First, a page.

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**PRINT: FRIENDS FROM CINCINNATI: Installment 24 features this part coming-of-age short by Chicago's Patrick Somerville, author of the Trouble collection of shorts out in 2006. | PAST BROADSHEETS |

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Julie Ann Shapiro

Julie Ann Shapiro is a freelance writer. Her story collection, Flashes of the Other World, is available from publisher Pulp Bits. Stories and essays have appeared in the San Diego Union Tribune, North County Times, Los Angeles Journal, Pindeldyboz, and others.

The bees get around. They move a whole truck. This I saw with my own eyes. Out on my run, a swarm of them evacuated a toy truck from one side of the road to the other. If you wonder why, then you best ask; did the sky fall or did it rain, did a bee buzz or did you think it buzzed, is that a bee in your shorts, or just you jumping up and down?

Bees, they know it all. They see life between the sweetness of honey and the sour sting of death. Yes, the sting hurts them more than you. The pain today in your shorts is their death. Did you not thank the bee for giving up its life so you could dance a jig on the street? I didn't think so. You saw only your pain, a bee sting in your private parts. The bee saw a hive, yes a hive being built and you, curious man threatened the bees' path.

If you look closely at the truck, yes stop your jig, and look. You'll see the walls; yes walls they're making with honey comb in a toy truck that someone left out for trash with the sign "for free".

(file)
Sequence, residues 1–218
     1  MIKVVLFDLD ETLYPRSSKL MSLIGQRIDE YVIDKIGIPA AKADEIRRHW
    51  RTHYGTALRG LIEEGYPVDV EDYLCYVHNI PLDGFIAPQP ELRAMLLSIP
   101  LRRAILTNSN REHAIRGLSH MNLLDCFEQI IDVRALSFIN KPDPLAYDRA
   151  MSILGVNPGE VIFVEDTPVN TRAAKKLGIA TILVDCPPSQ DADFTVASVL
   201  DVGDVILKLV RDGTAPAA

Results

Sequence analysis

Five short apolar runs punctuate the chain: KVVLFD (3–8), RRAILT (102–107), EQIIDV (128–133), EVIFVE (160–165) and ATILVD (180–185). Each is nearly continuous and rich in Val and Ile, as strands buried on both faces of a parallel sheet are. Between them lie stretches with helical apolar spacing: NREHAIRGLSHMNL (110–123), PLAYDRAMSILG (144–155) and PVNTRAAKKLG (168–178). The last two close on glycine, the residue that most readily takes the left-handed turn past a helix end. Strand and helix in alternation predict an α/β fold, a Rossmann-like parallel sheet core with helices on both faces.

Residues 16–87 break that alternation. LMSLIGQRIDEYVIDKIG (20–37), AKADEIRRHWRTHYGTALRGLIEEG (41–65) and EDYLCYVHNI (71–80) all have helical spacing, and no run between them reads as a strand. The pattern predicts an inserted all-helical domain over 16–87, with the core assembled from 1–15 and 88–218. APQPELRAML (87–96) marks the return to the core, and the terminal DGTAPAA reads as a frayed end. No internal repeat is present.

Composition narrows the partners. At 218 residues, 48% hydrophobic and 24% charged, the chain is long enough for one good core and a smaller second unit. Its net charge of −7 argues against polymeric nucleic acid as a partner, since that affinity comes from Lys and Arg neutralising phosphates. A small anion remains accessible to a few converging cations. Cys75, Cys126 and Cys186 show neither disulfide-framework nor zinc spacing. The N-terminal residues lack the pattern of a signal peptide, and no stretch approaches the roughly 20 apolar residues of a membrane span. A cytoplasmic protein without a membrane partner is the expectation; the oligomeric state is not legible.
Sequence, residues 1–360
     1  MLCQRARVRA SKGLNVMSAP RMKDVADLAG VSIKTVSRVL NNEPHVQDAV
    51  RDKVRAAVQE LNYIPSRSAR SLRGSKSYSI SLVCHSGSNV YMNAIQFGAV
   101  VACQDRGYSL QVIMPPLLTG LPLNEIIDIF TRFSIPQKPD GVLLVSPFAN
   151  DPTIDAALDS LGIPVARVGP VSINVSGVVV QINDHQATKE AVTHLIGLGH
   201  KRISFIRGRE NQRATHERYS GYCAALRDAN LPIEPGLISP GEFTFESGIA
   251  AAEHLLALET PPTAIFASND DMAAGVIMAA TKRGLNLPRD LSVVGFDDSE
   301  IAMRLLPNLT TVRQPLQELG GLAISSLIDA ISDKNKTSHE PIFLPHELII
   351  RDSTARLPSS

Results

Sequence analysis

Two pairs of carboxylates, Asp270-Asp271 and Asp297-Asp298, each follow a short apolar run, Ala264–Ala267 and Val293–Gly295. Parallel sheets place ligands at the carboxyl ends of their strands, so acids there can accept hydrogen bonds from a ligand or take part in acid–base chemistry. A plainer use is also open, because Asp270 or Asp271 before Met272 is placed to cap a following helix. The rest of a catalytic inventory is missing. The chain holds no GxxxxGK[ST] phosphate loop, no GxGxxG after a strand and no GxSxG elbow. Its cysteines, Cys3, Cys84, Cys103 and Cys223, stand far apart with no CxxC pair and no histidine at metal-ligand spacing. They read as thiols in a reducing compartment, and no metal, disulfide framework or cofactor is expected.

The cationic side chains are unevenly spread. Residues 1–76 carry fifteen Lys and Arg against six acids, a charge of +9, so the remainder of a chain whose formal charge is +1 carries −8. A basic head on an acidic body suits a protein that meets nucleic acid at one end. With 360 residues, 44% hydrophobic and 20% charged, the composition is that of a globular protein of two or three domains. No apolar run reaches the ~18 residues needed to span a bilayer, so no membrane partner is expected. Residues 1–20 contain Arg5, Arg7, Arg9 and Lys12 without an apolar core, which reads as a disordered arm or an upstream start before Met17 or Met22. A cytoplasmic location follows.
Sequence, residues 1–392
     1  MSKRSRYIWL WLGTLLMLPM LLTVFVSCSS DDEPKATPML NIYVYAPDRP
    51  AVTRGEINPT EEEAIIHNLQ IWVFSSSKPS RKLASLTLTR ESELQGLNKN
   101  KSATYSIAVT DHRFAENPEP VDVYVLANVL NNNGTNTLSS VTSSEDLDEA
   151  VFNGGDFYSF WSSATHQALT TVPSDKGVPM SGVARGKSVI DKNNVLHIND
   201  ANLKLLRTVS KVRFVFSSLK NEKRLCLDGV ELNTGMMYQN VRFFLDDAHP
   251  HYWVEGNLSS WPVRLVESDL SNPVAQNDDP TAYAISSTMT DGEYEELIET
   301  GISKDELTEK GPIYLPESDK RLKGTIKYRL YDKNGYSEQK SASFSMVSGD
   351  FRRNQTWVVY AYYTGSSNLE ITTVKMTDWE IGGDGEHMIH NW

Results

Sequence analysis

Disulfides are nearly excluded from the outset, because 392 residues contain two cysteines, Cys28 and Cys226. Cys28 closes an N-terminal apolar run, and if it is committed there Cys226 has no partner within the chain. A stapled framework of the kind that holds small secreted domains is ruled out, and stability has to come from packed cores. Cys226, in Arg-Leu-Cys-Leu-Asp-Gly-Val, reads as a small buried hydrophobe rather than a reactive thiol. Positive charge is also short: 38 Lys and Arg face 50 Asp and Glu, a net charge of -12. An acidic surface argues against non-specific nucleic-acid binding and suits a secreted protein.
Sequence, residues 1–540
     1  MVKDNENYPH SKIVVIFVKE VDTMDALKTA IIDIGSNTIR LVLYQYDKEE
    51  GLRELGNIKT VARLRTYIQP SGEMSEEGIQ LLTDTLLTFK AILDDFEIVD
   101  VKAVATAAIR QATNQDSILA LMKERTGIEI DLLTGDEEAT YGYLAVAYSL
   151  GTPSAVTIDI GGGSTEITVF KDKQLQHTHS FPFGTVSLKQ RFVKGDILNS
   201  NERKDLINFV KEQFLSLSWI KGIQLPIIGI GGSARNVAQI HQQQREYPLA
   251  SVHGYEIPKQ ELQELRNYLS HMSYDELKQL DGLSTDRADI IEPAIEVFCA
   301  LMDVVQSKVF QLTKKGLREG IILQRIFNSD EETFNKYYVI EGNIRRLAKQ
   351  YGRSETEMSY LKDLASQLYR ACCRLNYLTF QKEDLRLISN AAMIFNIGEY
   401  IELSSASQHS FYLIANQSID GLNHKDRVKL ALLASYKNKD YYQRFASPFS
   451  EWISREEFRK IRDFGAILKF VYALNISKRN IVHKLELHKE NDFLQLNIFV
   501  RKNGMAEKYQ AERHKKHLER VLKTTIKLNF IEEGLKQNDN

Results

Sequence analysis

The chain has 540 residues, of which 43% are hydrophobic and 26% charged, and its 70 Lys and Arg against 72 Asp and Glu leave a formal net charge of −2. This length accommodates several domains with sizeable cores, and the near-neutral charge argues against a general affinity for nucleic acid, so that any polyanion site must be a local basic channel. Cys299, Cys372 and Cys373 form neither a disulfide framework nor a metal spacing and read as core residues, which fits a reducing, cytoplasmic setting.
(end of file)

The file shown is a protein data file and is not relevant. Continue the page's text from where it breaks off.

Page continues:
Yes, the bees can read. Now they're carting the truck up a tree. The queen mother needs her view from the palace. She can't very well have a court waiting in the gutter where they found the truck; now can she?

What you say? It's nonsense. The plastic truck is not bees' business. Suit yourself. They're going to get mad. Ouch, ouch, you scream as a dozen or more bees sting you in the head; yes the head this time. The crotch bit didn't stop you. They figure they'll go for the brain. It's their only hope; their queen needs her truck, or rather her hive.

You lie in the gutter screaming. The truck slowly inches up the tree above your head. The bees look down at you: "Pity the fool who interferes with the bees' path." You scream for help. I take you to the hospital; you die a bee's death, you tell me in the admitting room, tasting honey on your lips. I tell you, you're crazy. Remember, you hate bees? It's why you insisted on moving their truck.

When you wake up in the hospital bed I don't hear words from you, just the buzzing of the bees. But there are none that I can see in the hospital, just you underneath the white sheets with your arms squirming.